Albert Einstein diaries reveal he made racially offensive comments

Albert Einstein made shocking comments about Chinese people and viewed them as being intellectually inferior, it has been revealed.

Later in his life the genius called racism a "disease of white people" and became a champion of the civil rights movement in the United States.

But The Travel Diaries of Albert Einstein, translated from German to English for the first time, show he did not think like that during earlier travels to the Far East and Middle East.

Einstein was awarded the Nobel Prize in physics in 1922.

That year he set out on a five month odyssey that included China, Singapore, Hong Kong, Japan, Palestine and Spain, keeping diaries that were not intended to become public.

In them he called China a "peculiar herd-like nation" and said its citizens were "often more like automatons than people".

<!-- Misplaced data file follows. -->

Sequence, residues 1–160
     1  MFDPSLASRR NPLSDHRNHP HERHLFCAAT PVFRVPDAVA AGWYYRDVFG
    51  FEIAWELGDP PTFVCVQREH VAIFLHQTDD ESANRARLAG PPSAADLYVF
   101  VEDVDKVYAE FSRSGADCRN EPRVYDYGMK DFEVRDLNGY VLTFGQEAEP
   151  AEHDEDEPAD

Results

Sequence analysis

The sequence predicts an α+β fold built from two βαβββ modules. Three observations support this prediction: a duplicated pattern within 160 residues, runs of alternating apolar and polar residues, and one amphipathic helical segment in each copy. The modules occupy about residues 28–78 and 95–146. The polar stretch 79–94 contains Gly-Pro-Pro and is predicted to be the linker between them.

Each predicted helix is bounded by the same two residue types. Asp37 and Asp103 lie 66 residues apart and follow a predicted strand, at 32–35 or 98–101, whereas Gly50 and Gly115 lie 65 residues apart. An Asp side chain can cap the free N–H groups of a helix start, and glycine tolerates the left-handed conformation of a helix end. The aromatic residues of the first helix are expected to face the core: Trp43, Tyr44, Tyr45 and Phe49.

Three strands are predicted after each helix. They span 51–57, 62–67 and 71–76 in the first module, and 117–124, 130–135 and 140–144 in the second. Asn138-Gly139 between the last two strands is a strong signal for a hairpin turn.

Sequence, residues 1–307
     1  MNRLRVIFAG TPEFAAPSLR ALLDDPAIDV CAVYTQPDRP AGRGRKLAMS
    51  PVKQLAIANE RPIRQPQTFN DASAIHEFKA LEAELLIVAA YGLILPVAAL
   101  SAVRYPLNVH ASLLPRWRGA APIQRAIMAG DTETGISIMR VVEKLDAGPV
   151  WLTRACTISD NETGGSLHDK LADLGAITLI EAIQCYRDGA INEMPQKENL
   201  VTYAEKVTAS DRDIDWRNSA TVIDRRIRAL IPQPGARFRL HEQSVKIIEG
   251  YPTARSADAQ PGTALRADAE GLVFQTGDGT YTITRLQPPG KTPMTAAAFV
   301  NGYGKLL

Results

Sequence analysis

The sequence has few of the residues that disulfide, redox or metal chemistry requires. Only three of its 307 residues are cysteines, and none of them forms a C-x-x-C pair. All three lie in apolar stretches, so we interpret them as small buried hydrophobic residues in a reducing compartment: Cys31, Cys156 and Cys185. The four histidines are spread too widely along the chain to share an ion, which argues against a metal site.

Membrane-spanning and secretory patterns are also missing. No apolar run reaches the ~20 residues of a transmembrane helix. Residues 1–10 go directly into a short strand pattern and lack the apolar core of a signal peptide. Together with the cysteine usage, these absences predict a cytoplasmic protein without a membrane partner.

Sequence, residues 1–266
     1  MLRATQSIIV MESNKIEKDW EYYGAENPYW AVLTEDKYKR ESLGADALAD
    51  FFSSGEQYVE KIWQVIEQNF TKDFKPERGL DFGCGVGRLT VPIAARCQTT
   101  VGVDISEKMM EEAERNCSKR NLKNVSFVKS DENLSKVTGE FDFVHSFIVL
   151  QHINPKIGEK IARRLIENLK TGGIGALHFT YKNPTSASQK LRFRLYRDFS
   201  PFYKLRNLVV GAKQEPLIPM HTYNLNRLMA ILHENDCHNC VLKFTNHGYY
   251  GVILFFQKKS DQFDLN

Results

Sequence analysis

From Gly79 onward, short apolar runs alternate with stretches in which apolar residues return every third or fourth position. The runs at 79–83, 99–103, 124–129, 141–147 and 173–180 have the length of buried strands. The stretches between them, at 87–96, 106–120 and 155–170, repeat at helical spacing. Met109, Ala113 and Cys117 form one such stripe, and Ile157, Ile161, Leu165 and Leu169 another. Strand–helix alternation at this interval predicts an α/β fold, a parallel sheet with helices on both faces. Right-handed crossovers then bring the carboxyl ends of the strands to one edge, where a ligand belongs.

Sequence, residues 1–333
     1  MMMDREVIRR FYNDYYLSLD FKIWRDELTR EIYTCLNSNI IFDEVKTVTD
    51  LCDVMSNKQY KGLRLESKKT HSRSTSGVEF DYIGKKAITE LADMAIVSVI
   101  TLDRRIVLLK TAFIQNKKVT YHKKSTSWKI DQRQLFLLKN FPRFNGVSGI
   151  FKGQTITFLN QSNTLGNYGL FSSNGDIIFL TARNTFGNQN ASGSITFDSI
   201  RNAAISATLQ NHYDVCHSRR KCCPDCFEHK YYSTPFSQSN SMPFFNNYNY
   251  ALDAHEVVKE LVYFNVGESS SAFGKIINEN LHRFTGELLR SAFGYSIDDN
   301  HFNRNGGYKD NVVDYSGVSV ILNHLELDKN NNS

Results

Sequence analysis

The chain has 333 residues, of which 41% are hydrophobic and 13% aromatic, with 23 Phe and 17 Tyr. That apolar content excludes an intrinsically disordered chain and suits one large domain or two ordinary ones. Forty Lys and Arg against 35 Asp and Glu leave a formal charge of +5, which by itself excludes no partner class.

He wrote: “Chinese don’t sit on benches while eating but squat like Europeans do when they relieve themselves out in the leafy woods. All this occurs quietly and demurely. Even the children are spiritless and look obtuse.

The Theory of Relativity

"It would be a pity if these Chinese supplant all other races. For the likes of us the mere thought is unspeakably dreary.”

Traveling in Ceylon, now Sri Lanka, Einstein wrote that people “live in great filth and considerable stench at ground level".

He added that they "do little, and need little. The simple economic cycle of life".

The scientist was kinder about the Japanese saying they were "unostentatious, decent, altogether very appealing".

But he added: "Intellectual needs of this nation seem to be weaker than their artistic ones – natural disposition?"

According to the publishers the diaries "contain passages that reveal Einstein’s stereotyping of members of various nations and raise questions about his attitudes on race".

Ze’ev Rosenkranz, the editor of the book, said Einstein had made comments that were "pretty unpleasant" and at odds with his humanitarian image.

He said Einstein’s opinion that people in the Far East were intellectually inferior was "pretty prevalent" at the time. The remarks were "still shocking, especially to a modern reader," he said.

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